The bigger drawback is the continually rotating playable cast creates a minor disconnect for the guests of a 4-player campaign. The departure of one particular character does fit in the scheme of the narrative, but it's unfortunate that the players do not get the opportunity to fully invest themselves with any particular COG. The host even has to take a break from playing as Marcus, though that particular change of pace is over with the end of Act I. At least the non-Campaign multiplayer lets you stay with a skin of your choice, provided it's unlocked, not that’s any true consolation.


It’s great that profile progression and the ability to unlock items is counted no matter what mode you’re playing, even in Campaign. It is with the non-story multiplayer that Gears of War 3 offers the majority of its replay value and are the best sections to quickly level up. Many of the aforementioned positives apply to all the Versus modes, Beast and Horde. Versus features a host of familiar adversarial modes including the ever-popular Team Deathmatch and the very tense one-life-per-round Warzone. The fan-favorite Horde is enhanced by taking a page out of the Halo: Reach playbook by adding fortifications, objects you can buy and maintain that are meant to slowdown incoming Locust. Beast turns the tables as the mode where you play as Locusts fighting against Stranded and famliar COG faces.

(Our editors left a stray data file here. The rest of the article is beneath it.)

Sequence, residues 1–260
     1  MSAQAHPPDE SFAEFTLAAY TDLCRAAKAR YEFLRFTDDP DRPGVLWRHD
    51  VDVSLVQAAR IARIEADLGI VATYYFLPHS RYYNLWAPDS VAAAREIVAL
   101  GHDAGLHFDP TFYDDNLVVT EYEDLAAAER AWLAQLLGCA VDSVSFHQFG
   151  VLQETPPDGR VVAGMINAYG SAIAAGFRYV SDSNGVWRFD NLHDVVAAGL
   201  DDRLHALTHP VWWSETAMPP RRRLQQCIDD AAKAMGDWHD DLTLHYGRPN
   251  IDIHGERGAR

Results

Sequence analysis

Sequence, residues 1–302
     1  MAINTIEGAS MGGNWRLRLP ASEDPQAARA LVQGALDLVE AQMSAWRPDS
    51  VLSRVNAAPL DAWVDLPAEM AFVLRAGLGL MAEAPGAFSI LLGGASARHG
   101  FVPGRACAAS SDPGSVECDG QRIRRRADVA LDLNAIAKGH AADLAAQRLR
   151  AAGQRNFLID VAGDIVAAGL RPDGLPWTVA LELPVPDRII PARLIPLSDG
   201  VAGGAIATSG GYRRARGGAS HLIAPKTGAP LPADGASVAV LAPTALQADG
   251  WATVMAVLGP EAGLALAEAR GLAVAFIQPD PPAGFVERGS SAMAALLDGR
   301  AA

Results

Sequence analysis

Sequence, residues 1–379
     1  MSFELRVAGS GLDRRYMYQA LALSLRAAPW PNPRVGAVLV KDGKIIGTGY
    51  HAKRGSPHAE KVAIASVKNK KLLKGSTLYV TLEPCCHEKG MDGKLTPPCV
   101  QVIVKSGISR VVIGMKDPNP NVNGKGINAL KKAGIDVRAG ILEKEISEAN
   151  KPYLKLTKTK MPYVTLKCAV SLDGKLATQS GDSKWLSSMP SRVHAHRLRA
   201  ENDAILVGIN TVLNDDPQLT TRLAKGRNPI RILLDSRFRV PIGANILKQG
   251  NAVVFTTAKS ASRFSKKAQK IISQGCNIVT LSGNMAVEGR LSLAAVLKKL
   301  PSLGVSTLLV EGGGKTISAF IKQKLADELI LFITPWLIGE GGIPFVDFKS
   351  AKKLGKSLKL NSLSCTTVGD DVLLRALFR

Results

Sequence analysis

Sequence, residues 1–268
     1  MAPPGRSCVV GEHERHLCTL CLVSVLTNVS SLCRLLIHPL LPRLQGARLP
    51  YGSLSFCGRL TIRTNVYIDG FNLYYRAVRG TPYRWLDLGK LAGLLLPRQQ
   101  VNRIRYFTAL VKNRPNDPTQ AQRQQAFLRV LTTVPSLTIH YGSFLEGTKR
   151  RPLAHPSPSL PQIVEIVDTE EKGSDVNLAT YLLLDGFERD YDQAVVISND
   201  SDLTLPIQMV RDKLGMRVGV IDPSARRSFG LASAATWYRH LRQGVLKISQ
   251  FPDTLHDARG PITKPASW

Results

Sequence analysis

The pacing of Gears third-person, cover-based gameplay has often allowed for maps smaller than that of first-person shooter maps. Yet anyone curious on how Gears would play on larger levels have a couple opportunities this time around. The settings are well-varied, with some maps taking inspiration from locales in the Campaign.


As endings go, Gears of War 3 concludes in a way that will leave many gamers with a satisfying sense of resolution. You’ve felt like you’ve seen this kind of ending before but at least it’s not overly trite. For the many who come primarily for the multiplayer, there is no shortage of content, let alone incentives to put in the same 200+ hours that many have spent on Gears of War 2. From a production standpoint, Gears of War 3 (along with Resistance 3, and hopefully with Uncharted 3 and Modern Warfare 3) offers us a rare glimpse on the excellence that can come about when a game series gets to grow on the same console generation it started on, making a compelling case for more prolonged console cycles.


Score: 9/10